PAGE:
If today is your birthday, congratulations on sharing your big day with these notable names.  Birthday wishes to everyone celebrating a big day today.  Come back tomorrow for more celebrity birthdays.

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Posted on December 24, 2017, in Celebrity Birthdays and tagged , , , , , , , , , . Bookmark the permalink. 6 Comments.

  1. I remember Corey Haim from “The Lost Boys” (I watch it almost every October in time for Halloween) and “Silver Bullet”. I read after Haim’s death he auditioned for “The Goonies” and “Stand By Me”. I wonder how different those movies would’ve been with him in them.

    As Seth Green once said in a tribute to Haim: “He was a good kid who just happened to get caught up.”

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  2. Nicholas Meyer has me with “Time after Time” (not only an awesome film, but also inspired a cool song of the same title).
    The only bummer for me when it comes to Ava Gardner for me is remembering that I once bought her biography for my mother, and she enjoyed it (her kind of woman), but it makes me recognize it’s my first holiday season without her (it isn’t the same without her; I miss her so).
    Corey Haim; yeah, jinsinna13, i used this term as a a teenager “Caught up in the fix”, so I agree with Seth Green (who seems like a super cool person). I miss Corey Haim though; I thought he was a fun actor (Yes, “License to Drive”, when he drove the car backwards to get his mom to the hospital is a highlight for me, and I’m glad he got his Mercedes at the end:-). I like pretty much every performer that worked on “The Lost Boys”, so I won’t so into detail with that anymore, but that young man was a part of my childhood, and i think it stinks that he was so sad, because he made me so happy.
    Holy crow, Mary Higgins Clark is 90? Wow, I’ve caught some of her TV films here and there; unlike, say, V.C. Andrews, I never read any of her books though, but I think she operates under a similar style.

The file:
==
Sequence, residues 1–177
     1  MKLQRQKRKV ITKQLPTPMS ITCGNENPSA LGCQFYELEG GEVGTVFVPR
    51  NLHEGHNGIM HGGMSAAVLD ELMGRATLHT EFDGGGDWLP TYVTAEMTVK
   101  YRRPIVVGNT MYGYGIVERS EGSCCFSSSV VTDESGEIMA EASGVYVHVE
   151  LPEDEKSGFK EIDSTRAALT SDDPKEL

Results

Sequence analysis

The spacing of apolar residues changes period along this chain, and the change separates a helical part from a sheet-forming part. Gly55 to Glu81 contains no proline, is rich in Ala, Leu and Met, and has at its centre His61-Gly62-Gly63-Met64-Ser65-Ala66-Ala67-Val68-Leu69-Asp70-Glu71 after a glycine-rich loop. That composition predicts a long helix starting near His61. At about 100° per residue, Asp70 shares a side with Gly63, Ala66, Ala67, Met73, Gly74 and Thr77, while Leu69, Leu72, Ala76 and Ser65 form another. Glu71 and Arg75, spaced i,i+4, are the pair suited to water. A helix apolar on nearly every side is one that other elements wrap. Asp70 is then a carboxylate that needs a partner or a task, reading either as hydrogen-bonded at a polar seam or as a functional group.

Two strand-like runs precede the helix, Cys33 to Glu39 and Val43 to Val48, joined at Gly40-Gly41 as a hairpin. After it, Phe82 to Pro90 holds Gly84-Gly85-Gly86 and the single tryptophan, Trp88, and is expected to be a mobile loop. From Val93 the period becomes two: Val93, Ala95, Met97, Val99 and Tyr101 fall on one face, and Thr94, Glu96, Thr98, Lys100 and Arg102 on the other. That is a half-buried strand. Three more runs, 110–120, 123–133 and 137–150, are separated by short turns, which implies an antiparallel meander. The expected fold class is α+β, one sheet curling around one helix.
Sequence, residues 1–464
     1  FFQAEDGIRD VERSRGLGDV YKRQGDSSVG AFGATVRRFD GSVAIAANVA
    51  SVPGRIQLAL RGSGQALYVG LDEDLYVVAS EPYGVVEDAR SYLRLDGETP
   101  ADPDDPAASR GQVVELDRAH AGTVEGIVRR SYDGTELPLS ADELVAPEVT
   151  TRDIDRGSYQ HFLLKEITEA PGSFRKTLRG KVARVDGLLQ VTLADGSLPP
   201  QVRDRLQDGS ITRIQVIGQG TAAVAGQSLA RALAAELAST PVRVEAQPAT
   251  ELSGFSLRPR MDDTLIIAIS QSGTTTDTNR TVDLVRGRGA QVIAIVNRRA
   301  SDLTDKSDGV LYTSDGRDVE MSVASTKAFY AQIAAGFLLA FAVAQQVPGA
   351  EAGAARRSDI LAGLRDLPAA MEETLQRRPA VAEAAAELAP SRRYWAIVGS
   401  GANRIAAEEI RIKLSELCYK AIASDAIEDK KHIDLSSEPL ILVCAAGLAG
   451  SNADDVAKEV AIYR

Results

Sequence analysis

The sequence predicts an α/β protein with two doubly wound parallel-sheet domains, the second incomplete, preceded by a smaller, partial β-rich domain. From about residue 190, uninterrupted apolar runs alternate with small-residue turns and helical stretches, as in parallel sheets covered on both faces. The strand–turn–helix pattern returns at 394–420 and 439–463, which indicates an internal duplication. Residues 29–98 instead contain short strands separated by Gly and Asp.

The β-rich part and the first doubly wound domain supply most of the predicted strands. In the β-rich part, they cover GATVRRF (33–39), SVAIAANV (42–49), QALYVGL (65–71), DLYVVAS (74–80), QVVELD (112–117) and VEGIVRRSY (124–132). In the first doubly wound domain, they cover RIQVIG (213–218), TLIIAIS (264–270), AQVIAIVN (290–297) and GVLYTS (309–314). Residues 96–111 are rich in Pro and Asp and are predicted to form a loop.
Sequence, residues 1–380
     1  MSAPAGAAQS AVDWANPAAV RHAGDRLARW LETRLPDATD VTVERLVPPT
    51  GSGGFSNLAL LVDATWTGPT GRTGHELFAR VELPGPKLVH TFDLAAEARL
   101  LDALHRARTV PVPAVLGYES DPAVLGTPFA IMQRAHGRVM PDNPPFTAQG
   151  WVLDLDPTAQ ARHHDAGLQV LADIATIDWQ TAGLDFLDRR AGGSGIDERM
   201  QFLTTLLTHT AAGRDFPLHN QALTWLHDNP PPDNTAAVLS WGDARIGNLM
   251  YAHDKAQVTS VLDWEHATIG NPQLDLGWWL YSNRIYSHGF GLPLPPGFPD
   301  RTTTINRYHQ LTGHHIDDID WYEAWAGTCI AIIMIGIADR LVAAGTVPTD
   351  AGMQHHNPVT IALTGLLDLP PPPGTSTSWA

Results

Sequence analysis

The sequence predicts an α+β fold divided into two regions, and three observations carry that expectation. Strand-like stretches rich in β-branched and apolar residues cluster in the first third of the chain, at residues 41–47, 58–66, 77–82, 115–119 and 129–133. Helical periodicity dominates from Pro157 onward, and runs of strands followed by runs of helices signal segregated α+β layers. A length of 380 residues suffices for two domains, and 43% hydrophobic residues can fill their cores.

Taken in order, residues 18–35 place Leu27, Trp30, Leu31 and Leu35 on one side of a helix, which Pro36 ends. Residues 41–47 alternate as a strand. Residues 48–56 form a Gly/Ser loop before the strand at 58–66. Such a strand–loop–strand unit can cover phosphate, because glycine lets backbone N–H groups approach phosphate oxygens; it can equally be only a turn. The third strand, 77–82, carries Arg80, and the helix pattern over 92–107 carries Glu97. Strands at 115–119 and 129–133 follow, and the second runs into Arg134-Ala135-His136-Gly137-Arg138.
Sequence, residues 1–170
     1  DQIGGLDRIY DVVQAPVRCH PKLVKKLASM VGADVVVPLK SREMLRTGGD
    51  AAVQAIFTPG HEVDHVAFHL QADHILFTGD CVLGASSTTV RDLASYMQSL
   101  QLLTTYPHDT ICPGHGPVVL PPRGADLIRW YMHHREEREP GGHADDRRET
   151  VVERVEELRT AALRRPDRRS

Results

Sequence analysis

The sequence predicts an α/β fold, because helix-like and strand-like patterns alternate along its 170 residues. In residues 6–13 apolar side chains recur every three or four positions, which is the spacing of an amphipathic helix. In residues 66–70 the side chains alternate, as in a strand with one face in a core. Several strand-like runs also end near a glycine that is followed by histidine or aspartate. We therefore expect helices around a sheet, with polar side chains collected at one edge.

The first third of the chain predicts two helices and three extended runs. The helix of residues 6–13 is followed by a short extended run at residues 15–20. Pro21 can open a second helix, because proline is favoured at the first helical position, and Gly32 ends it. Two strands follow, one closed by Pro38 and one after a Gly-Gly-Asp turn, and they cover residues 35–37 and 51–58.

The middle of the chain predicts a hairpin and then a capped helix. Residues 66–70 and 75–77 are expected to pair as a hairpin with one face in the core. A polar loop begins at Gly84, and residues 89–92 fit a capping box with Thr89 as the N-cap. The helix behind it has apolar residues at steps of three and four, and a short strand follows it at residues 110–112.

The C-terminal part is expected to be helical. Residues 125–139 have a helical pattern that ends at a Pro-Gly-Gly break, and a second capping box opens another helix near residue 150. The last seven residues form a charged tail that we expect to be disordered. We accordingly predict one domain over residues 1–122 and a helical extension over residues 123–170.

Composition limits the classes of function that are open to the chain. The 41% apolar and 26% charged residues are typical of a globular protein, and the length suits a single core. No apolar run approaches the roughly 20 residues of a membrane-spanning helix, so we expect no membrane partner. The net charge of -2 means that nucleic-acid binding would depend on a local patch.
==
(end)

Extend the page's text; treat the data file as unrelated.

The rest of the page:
Enough with the sad action, let’s party like it’s 2018!

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  3. We’ve had some discussion of Nick Meyer, and his contributions to Star Trek, here previously. He clearly played a big part in making Star Trek a mainstream success via his having a hand in what are often considered the three best of the Star Trek films.

    Michael Curtiz directed a lot of films I love. Casablanca, of course, and then you have two of Cagney’s greatest films, and several of Errol Flynn’s. Curtiz wasn’t one of the great writer-directors like Billy Wilder or John Huston, nor was he a director of the Ford/Hawks/Hitchcock sort who could effectively be their own producers. But when he had good writing and a producer like Hal Wallis he could produce memorable results.

    Gavin O’Connor has made two recent films that I’ve liked pretty well, Jane Got a Gun and The Accountant.

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    • We can also credit Meyer to some extent for a peaceful end to the nuclear arms race. Meyer directed the TV movie The Day After which horrified American audiences with its stark portrayal of the consequences of nuclear war. There is a rumor (which may have been debunked) that following the Intermediate-Range Nuclear Forces Treaty Ronald Reagan sent a message to Nicholas Meyer reading “Don’t think your movie didn’t have any part of this, because it did.” I have seen this story reported, but I can neither confirm nor deny its authenticity. But the Joint Chiefs of Staff had a viewing of The Day After and by all accounts, it bummed out the president and he began making gestures towards nuclear disarmament shortly thereafter.